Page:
Tribute to Dr. Joan Kinnaird and her “Abundant Capacity for Human Kindness”
Dr. David Gariff of the National Gallery of Art gave me permission to publish his beautiful tribute to Dr. Joan Kinnaird — we will have a memorial service in Dr. Kinnaird’s memory on Saturday, November 11 at 2 pm in the chapel on the 2nd floor of Main Hall.
A REMEMBRANCE OF PROFESSOR JOAN KINNAIRD by Dr. David Gariff
It is difficult to describe the sadness and sense of loss I felt upon hearing of the death of Professor Joan Kinnaird. I have never encountered a kinder, more sensitive, empathetic, knowledgeable, and modest person.
Joan possessed positive and unique qualities as a teacher, scholar, humanist, and woman of faith. She taught by example in all matters, reflecting a quiet and selfless devotion to her students, colleagues, friends, and family.
I first met Joan in the fall of 1983 when I arrived at Trinity College as a part-time lecturer in art history. The chair of the Art Department was Liliana Gramberg, an accomplished artist, and a remarkable teacher. I was soon ushered into the special educational environment that existed at Trinity between and among the faculty and students devoted to the study of the liberal arts. My time at Trinity would become one of the most important and formative periods in my personal and professional life, in no small measure due to my friendship with Joan Kinnaird.
Because of the many ties between the female faculty members at Trinity and the University of Maryland where I was a Ph.D. candidate, I soon realized that there were several husband-and-wife teams whose careers had unfolded at each school. This fact was in part how I came to meet many of the gifted professors at Trinity including Liliana Gramberg, Eda Levitine, Anna Lynch, and Joan Kinnaird. Added to that list as a special friend and colleague was also Sister Maura Prendergast, SND. All these faculty women were beloved and respected by Trinity students and teachers alike.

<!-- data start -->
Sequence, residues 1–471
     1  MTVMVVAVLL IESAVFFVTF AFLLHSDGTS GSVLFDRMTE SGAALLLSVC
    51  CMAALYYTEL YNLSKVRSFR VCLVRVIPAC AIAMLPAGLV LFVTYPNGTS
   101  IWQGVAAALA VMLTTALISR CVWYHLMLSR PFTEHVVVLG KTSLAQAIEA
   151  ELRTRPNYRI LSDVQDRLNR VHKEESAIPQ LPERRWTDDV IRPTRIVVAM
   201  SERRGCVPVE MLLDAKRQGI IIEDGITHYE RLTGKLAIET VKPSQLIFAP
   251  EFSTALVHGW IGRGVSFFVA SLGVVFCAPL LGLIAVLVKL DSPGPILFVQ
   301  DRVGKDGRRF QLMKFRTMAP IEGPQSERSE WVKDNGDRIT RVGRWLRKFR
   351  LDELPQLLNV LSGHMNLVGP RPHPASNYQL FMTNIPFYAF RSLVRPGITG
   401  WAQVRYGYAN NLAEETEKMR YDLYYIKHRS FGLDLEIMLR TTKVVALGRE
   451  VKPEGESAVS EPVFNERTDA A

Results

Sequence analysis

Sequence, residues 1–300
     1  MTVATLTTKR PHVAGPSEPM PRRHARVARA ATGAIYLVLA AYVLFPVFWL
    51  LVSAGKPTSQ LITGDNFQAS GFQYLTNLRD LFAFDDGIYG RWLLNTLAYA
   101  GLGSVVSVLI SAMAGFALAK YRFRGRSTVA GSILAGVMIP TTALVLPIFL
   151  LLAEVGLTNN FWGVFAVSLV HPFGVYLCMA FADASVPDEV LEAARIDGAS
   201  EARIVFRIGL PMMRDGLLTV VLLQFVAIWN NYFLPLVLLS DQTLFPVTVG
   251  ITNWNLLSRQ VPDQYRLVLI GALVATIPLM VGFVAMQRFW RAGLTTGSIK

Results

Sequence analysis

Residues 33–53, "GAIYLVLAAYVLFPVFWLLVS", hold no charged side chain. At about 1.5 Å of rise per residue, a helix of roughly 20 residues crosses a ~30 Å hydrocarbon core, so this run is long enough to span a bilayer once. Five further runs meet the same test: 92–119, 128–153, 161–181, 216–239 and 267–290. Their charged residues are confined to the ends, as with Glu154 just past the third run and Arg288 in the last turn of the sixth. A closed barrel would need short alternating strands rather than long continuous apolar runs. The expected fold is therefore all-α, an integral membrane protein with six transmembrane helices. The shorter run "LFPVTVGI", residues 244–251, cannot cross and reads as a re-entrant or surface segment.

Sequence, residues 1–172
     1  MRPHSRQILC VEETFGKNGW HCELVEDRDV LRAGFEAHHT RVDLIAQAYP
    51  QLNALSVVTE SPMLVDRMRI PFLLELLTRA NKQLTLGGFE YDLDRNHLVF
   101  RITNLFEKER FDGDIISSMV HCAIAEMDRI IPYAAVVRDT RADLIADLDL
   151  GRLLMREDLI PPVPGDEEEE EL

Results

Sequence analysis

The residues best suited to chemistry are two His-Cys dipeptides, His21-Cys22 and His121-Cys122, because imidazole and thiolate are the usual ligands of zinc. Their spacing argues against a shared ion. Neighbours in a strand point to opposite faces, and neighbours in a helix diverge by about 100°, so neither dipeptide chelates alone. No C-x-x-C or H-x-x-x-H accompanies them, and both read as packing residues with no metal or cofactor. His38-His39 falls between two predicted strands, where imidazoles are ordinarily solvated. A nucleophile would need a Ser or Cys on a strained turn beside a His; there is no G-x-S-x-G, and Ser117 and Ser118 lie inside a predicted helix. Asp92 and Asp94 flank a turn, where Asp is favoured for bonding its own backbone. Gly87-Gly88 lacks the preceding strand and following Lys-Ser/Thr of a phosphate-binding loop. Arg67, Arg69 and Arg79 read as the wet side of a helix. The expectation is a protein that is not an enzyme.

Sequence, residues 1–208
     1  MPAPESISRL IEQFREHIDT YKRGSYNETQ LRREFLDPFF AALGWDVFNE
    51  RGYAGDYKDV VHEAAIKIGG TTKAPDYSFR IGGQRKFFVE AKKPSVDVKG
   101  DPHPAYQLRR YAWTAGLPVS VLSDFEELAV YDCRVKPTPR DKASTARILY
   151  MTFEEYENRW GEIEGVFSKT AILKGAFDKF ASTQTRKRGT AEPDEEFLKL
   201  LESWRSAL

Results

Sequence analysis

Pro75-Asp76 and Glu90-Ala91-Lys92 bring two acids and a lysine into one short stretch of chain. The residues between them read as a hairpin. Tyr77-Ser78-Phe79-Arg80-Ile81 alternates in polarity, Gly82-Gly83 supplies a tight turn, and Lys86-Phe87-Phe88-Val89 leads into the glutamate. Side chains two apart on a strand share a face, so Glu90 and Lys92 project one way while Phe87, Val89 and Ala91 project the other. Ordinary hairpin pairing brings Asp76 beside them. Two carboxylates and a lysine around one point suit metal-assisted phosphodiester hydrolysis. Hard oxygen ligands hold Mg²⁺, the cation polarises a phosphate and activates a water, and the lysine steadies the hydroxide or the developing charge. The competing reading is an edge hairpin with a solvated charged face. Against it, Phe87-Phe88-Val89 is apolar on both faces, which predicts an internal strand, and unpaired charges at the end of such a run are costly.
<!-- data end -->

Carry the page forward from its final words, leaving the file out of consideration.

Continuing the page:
I can still recall my first encounter with Joan Kinnaird. I was teaching an art history class in the evenings in the lower classroom of the library. As the class ended, I gathered my notes and rolled the cart with the slide projectors out into the hall. A distinguished looking woman approached me and introduced herself as Joan Kinnaird, a Trinity professor of History. She was soft-spoken and elegant. We exchanged pleasantries when Joan got to the heart of the matter. She had heard of my arrival and knew something of my background. She was interested in knowing if I would consider teaching in a summer study program in Italy that she had organized for Trinity students. It was to be a team-taught program in the study of Italian Renaissance history, literature, and art history. I expressed my interest and Joan invited me to her house for lunch to meet the third professor she had spoken to about teaching the literature component, Sister Maura Prendergast. Thus began my forty-year friendships with these two great ladies of Trinity College.
After my time at Trinity, and throughout my subsequent academic career at various universities, I came to rely upon Joan’s career advice, moral support, and warm encouragement and comfort. She guided me through many of the pitfalls and setbacks of an academic life and career. It was an unexpected gift when I returned to D.C. to accept a position at the National Gallery of Art and we were once again able to spend time together.
Joan Kinnaird’s life and career are a moving testament to her deeply felt Catholic faith, her commitment to teaching, knowledge, and learning, and her abundant capacity for human kindness. A more extraordinary woman I have never known.
National Gallery of Art
Read: Dr. Kinnaird’s Obituary